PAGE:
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1 I BESEECH you therefore, brethren, by the mercies of God,

to present your bodies a living sacrifice, holy, acceptable 2 to God, which is your reasonable service. And be not

fashioned according tol this age; but be ye transformed by the renewing of the mind, that ye may prove what is the will

of God, even that which is good and acceptable and perfect. 3 For I say, through the grace which was given me, to every

one that is among you, not to be high-minded beyond what he ought to be minded, but to be minded so as to be sober

minded, according as God dealt to each one a measure of 4 faith. For as in one body we have many members, and all 5 the members have not the same office; so we, the many, are

one body in Christ, and, regarded one by one, each other's members.

11 Pet. i. 14.




Be not conformed to this world.

not easy.

The work of a Christian minister, my brethren, is SERMON

I. He has the common difficulties of all men in maintaining a right conversation and a clear conscience, and he has others all his own.

That public ministry which is often regarded as a mere matter of course; those sermons to which his hearers often give little heed; that exposition of revealed truth, and that application of the truth to practical life, which is often treated as if any one could utter, as if every one knew it; these things cause no little anxiety, involve no little exertion, to one who would make full proof of his ministry, and desires not only to be instant in season and out of season, but also to be wise in the choice of subjects, and successful in the enforcement of the truth upon the consciences of those who hear.



The will of God has deprived you for a time-I hope and believe but for a time—of the public exercise of that faithful ministry which you have long and, I am sure, thankfully enjoyed. Most unexpectedly, and in some senses most unwillingly, I have been called to stand before you in another's


In all sincerity and in all humility I would ask you, my brethren, to join your prayers this day with mine, as for the restoration to health and activity of him who is now laid aside, so also for an especial blessing on that subsidiary and temporary ministry by which it is sought to fill the void.

In many respects, the teaching of a temporary instructor must be most deficient. He cannot know, in detail, the cases and the circumstances of those to whom he is to minister. He must, to a great extent, draw his bow at a venture. But there are two considerations which may lawfully encourage him. One is, that the human heart is not many,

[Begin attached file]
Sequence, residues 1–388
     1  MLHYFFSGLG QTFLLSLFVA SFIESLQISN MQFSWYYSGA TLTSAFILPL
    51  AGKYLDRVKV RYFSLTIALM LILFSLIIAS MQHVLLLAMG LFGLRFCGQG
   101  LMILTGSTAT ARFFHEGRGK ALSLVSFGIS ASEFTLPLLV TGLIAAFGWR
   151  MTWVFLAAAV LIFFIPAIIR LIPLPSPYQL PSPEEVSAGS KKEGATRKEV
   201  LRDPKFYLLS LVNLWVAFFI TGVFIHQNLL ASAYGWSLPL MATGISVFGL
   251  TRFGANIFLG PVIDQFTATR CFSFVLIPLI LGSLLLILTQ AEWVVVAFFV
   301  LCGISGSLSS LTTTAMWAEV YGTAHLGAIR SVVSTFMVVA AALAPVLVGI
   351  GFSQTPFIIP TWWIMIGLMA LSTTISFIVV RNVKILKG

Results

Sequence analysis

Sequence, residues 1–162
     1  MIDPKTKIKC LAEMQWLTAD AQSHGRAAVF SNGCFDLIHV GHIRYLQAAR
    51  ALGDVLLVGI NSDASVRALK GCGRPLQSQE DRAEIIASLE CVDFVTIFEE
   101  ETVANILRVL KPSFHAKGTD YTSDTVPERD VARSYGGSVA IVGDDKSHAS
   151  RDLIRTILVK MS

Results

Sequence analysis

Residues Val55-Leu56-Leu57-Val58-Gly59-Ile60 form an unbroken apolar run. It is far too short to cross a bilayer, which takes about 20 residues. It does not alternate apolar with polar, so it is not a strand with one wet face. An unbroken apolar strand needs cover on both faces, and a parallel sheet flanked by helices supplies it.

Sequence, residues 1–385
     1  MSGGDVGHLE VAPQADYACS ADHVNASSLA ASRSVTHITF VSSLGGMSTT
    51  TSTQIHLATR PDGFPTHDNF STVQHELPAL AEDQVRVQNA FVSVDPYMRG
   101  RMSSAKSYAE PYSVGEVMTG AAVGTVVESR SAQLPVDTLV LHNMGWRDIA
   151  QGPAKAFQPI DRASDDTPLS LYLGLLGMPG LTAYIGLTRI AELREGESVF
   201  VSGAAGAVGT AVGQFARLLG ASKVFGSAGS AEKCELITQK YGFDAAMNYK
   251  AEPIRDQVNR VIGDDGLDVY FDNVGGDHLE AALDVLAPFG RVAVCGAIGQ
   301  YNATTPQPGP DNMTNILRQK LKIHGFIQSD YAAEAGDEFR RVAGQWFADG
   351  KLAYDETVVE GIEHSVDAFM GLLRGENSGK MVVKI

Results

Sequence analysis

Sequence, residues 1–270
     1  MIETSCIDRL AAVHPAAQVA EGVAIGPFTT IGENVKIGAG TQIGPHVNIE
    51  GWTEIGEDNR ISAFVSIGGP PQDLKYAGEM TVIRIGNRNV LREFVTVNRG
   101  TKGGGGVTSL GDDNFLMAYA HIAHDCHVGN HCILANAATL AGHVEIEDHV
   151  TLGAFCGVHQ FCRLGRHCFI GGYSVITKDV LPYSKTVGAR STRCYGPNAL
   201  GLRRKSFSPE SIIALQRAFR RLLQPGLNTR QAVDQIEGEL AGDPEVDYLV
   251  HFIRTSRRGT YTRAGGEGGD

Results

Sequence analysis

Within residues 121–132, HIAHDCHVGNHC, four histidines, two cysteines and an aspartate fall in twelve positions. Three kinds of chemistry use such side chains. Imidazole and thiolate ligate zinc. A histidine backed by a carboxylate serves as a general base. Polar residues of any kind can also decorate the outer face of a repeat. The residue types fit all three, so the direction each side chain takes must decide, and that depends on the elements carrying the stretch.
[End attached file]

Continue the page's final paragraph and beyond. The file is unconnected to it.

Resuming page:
but As face answereth to face, so the heart of man to heart. If a man knows one heart well, even his own;

much more, if he have had any enlarged intercourse with other minds and lives, though it may have been elsewhere and under different circumstances; he may hope that, by God's blessing, his words will not be altogether vague, nor his aim wholly missed : let him speak as a man to men, let him speak to them that


are bound as bound with them, to them that suffer SERMON

I. adversity as being himself also in the body, to them that are tempted as himself liable to temptation, to them that are struggling as himself in the conflict, to them that would win heaven as having himself also that hope and aim, to them that are sinful and weak and often stumbling as himself also in like case with them; and he may rely upon it that an echo will come back to him from the souls addressed, they will recognize a brother's voice, and give it entrance into their hearts.

The other encouragement is this, that the Word of God suits all cases, and is the same in every place. The office of the Christian instructor is to preach the Word ; not his own word, but God's. Let him do that —with all plainness of speech, with all closeness of interpretation, with all explicitness, with all fulness; let him explain it, let him apply, let him aim, let him enforce it; and He from whom the Word comes will carry

it home: God desires the edification, the progress, the comfort, the salvation, of the souls here present before Him; He desires these things, and He has given His own Word, in all its variety and in all its compass, to effect them : therefore, if a man mistrusts himself, let him turn there ; let him throw himself

upon the purpose as well as the promise of Him in whose name he speaks; and he may be assured that some fruit will follow, something which

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